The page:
Thursday, November 17th, 2022 Posted by Jim Thacker

Sneak peek: ZBrush 2023

A recording of Day 3 of ZBrush Summit 2022. The section on upcoming features in ZBrush, including updates to ZRemesher and masking, and integration of the Redshift renderer, starts around 07:28:30.

Originally posted on 17 November 2022. Maxon has now released ZBrush 2023.

Maxon has unveiled some of the new features in development for ZBrush, its industry-standard digital sculpting software, at its ZBrush Summit 2022 user event.

The firm showed a beta build of ZBrush 2023 featuring updates to ZBrush’s masking system and ZRemesher retopology toolset, and a separate build of the software integrating the Redshift renderer.

Maxon hasn’t confirmed whether all of the new features will be part of the public release for ZBrush 2023, or when the next release will be, but hinted that it might be in the New Year.

The first major new features in ZBrush not to be available free to existing perpetual licence holders
The new features are the first major changes to the software to have been shown publicly since the release of ZBrush 2022 last year: an unusually long time by ZBrush standards.

However, there has been plenty going on behind the scenes, with Maxon only completing its acquisition of the assets of Pixologic, ZBrush’s original developer, in January.

They will also be the first new features that many users have had to pay for, Maxon having announced that ZBrush 2022.0.6, the current release, will be the final free update for perpetual licence holders.

ZBrush 2023: faster, more controllable remeshing with ZRemesher
Maxon showed two separate builds of ZBrush during the ZBrush Summit livestream, the first being Beta 3 of ZBrush 2023, which featured an overhaul of ZRemesher, ZBrush’s retopology toolset.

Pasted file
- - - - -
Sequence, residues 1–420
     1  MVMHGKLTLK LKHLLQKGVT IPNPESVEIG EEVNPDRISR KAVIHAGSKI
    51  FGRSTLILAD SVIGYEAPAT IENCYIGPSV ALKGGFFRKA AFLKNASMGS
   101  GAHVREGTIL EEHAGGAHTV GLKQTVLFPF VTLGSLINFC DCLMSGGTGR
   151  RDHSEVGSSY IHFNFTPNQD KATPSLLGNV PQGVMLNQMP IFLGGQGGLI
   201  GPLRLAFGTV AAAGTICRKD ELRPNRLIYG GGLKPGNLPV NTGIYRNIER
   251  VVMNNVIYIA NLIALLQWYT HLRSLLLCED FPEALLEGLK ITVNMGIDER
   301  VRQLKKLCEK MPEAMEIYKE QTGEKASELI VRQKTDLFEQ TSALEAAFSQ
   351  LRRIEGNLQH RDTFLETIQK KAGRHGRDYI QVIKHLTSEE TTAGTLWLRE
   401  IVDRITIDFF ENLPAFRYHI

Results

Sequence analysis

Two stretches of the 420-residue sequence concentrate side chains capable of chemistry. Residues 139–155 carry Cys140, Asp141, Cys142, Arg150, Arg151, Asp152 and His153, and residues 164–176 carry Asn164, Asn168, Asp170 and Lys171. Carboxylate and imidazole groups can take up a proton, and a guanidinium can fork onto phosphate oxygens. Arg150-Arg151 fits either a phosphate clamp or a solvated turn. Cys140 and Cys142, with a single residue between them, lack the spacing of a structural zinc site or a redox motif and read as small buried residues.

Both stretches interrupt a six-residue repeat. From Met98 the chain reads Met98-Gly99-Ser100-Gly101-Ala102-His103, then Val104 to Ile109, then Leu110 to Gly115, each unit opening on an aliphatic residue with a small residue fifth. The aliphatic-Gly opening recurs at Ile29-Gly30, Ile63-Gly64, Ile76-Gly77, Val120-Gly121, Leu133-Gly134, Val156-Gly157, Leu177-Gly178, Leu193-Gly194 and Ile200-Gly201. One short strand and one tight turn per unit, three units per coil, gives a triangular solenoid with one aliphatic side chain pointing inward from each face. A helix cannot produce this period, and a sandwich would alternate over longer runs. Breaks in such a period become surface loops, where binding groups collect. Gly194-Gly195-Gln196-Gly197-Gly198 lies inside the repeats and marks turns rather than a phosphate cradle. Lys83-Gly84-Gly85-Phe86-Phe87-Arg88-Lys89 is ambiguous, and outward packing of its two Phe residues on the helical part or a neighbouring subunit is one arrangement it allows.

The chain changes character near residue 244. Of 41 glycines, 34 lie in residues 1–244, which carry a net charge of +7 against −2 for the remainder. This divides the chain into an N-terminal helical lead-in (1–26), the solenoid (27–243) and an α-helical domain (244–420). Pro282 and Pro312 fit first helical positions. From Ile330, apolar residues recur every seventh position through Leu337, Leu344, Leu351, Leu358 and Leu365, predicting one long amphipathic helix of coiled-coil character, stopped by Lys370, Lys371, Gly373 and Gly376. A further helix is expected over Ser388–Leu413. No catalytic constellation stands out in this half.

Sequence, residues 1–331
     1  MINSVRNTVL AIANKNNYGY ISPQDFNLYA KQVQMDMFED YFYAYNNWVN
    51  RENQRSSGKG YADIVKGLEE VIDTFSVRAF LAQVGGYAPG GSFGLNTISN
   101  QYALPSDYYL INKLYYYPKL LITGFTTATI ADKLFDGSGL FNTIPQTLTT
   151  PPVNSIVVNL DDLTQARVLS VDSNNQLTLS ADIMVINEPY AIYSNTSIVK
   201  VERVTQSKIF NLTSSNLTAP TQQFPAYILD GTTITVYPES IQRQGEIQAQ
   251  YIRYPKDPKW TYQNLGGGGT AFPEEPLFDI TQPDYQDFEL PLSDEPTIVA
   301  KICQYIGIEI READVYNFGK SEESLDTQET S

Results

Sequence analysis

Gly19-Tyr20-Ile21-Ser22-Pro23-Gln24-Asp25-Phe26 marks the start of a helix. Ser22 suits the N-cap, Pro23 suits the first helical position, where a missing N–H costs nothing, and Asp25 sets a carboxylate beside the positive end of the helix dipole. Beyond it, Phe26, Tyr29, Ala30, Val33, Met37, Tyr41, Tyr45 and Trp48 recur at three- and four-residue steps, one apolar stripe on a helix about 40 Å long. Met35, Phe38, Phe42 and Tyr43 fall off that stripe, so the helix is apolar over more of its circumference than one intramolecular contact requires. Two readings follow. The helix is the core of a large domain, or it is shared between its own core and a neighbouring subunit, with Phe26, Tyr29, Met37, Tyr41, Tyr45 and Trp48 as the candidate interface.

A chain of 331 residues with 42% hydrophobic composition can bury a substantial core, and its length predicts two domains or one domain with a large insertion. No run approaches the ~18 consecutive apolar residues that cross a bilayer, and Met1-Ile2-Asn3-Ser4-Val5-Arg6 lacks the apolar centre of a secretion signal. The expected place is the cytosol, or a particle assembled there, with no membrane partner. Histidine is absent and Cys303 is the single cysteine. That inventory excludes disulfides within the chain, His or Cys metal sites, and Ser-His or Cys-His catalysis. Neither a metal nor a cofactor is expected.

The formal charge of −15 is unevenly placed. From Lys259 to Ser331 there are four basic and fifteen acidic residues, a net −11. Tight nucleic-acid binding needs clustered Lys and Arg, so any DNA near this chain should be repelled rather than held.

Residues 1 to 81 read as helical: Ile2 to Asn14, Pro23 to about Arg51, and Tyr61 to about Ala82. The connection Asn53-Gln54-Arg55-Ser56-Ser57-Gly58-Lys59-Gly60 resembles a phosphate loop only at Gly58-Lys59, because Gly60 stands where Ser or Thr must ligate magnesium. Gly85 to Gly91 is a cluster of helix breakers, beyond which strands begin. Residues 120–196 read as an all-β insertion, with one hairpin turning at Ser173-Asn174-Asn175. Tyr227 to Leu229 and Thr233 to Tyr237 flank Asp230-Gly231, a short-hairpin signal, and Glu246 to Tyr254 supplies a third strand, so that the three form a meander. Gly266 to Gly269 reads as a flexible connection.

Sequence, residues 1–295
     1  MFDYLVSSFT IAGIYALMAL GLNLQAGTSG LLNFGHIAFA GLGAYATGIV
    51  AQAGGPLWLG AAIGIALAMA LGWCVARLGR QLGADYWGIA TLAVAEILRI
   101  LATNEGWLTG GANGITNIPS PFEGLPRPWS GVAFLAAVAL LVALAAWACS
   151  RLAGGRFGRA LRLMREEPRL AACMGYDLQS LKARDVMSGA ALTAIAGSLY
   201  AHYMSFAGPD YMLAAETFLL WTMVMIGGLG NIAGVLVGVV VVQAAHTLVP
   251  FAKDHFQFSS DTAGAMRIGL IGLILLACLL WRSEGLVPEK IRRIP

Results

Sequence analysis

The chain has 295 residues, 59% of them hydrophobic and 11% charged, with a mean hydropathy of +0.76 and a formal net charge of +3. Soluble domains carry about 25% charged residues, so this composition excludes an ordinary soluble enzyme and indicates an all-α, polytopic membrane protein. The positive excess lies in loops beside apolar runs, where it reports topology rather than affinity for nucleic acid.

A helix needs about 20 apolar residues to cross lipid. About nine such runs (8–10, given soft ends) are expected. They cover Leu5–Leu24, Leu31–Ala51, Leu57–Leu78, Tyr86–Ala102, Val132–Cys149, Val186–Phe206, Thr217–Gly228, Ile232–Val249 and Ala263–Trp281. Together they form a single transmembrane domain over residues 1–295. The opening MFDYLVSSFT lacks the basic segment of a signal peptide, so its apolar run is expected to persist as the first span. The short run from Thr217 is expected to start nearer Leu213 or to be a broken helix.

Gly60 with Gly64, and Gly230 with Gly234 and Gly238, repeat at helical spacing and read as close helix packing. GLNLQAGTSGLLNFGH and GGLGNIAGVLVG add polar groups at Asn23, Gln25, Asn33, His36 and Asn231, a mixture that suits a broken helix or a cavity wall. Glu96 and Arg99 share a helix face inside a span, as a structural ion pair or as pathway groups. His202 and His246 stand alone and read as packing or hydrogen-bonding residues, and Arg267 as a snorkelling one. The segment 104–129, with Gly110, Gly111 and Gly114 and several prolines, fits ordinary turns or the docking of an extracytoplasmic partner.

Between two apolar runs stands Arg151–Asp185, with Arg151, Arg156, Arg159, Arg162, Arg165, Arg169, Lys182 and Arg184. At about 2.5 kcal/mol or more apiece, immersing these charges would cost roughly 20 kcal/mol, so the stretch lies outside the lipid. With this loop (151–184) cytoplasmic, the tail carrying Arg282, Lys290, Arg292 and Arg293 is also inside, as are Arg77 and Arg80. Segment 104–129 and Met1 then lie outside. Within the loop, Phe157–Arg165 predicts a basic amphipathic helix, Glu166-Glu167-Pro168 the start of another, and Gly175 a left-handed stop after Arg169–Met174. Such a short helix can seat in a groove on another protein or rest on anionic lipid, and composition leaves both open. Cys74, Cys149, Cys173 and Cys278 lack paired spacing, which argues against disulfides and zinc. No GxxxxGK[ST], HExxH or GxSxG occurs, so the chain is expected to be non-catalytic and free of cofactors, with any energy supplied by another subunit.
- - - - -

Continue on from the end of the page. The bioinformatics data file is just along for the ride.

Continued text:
The update adds a new caching system, with ZBrush generating a cache the first time a user remeshes a model, which should reduce the time needed for any subsequent remeshing operations.

In addition, users get a new Retry button in the interface, which makes it possible to repeat a remeshing operation on the original, unremeshed geometry, but using new remeshing settings.

That should speed up the process of refining a sculpt, removing the need to undo and redo to test changes.

In addition, ZRemesher now preserved vertex colour data from Polypaint, ZBrush’s 3D painting toolset, making it possible to begin painting earlier during the sculpting process.

ZBrush 2023: new smart masking options
Another key change shown using the ZBrush 2023 beta was a new smart masking system.

The demo showed a new Mask Region section of the Masking sub-palette, including an Auto Region button, which automatically fills contiguous regions of an object’s surface between existing masks.

In the image above, you can see how it fills the inner oval and the region between the outer two circles.

Users can control the infilling process when working with complex masks by painting rough guide strokes onto the surface of the sculpt to identify which gaps in the existing mask ZBrush should fill.

Integrated version of the Redshift renderer shown in a separate beta build
The second half of the demo showed a separate beta build of the software, and showed Redshift, Maxon’s GPU-accelerated production renderer, integrated inside ZBrush.